BUILDING IN THE LANDSCAPE : FARMHOUSE BANHOEK, STELLENBOSCH MOUNTAINS
Views of the Banhoek Mountains over the pool (above left), View of Farmhouse
from the vineyards below (above right)
Design task : to insert a home into this scenic setting among the mountains of Stellenbosch, Banhoek Valley
The landscape is harsh – very hot in summer, powerful winds, very cold in winter and very wet. The weather comes in from all directions. The terrain is rugged with towering rocky cliffs and undulating hills, mostly under vine, with fruit orchards nearby.
The setting of the house could not be on top of a hill. But rather semi submerged within the slopes of the existing vinyards, with planted roofs to embed the house in the hillside and to create thermal mass and insulation.
Early sketch, massing and placement studies (above)
The gut response was to make sheltered spaces, but which could be both internal and external – defensible from the elements, yet openable to take in the landscape and to become a part of the landscape.
The spaces vary greatly in their type, orientation and volume adding variety to the different types of experience within and around the building.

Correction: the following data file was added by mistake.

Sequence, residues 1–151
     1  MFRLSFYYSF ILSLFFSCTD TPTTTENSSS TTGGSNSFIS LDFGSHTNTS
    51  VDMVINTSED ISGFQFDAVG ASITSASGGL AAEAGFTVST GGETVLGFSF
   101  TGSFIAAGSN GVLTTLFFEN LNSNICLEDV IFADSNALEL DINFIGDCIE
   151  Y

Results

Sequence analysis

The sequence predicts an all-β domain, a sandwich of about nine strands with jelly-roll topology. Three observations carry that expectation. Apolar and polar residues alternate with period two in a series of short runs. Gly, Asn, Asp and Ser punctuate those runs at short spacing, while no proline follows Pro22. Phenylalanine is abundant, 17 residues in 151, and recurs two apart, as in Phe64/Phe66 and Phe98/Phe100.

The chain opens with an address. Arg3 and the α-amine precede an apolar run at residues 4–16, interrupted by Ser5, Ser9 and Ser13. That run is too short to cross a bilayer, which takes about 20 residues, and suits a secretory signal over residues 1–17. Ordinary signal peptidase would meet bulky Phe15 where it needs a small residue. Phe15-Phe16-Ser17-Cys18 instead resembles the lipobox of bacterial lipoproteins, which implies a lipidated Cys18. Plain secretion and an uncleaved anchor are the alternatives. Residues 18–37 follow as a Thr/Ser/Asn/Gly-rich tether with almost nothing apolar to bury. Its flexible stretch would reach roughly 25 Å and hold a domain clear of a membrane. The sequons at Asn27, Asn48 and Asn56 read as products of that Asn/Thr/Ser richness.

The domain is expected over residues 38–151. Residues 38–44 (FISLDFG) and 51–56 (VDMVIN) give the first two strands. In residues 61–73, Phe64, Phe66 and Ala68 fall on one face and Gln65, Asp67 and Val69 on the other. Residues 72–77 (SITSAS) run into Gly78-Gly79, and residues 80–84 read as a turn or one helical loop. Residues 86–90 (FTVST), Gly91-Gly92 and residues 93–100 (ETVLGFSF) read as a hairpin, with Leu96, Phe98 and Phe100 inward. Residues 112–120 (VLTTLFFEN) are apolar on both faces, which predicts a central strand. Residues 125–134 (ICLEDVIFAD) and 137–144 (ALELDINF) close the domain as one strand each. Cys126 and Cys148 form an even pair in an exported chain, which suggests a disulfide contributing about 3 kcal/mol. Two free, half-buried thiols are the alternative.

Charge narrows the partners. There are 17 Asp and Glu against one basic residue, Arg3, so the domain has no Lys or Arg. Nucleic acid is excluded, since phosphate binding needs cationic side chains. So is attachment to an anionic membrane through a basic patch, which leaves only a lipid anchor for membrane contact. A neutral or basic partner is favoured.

The east court (above left) and seen from inside the barn (above right)
The primary space is the barn, the communal and central space which connects to all the spaces, both internal and external, without corridors or unnecessary passages. The barn space focuses on the views of the mountains in the distance, but also connects seamlessly with the outdoor courtyards and exterior spaces.
Timber lined barn interior (above left), Design drawing study for barn (above right)
Internal timber lining used in the barn is juxtaposed with external cladding of stone, which is sourced from the site excavation. This juxtaposition adds to the variety in experience of the various parts of the house, connecting the senses of smell and touch to space.
Timber lining detail, sliding screen (above left), External stone cladding Adjacent to internal timber lining (above middle),
Internal timber Barn library wall (above right)
External spaces are immediately adjacent to the barn – orientated to give shelter from various wind directions, catch the afternoon or morning sun and present the primary view out to the North.
External lounge and pool space facing the primary view (above left),
Court at entry, view to fruit orchards, (above right)
The roof lights over the barn, bringing in soft south light into the volume also support solar panels. Water retention, and waste treatment were integral to the brief and have been integrated into various storage tanks and reservoirs under the house.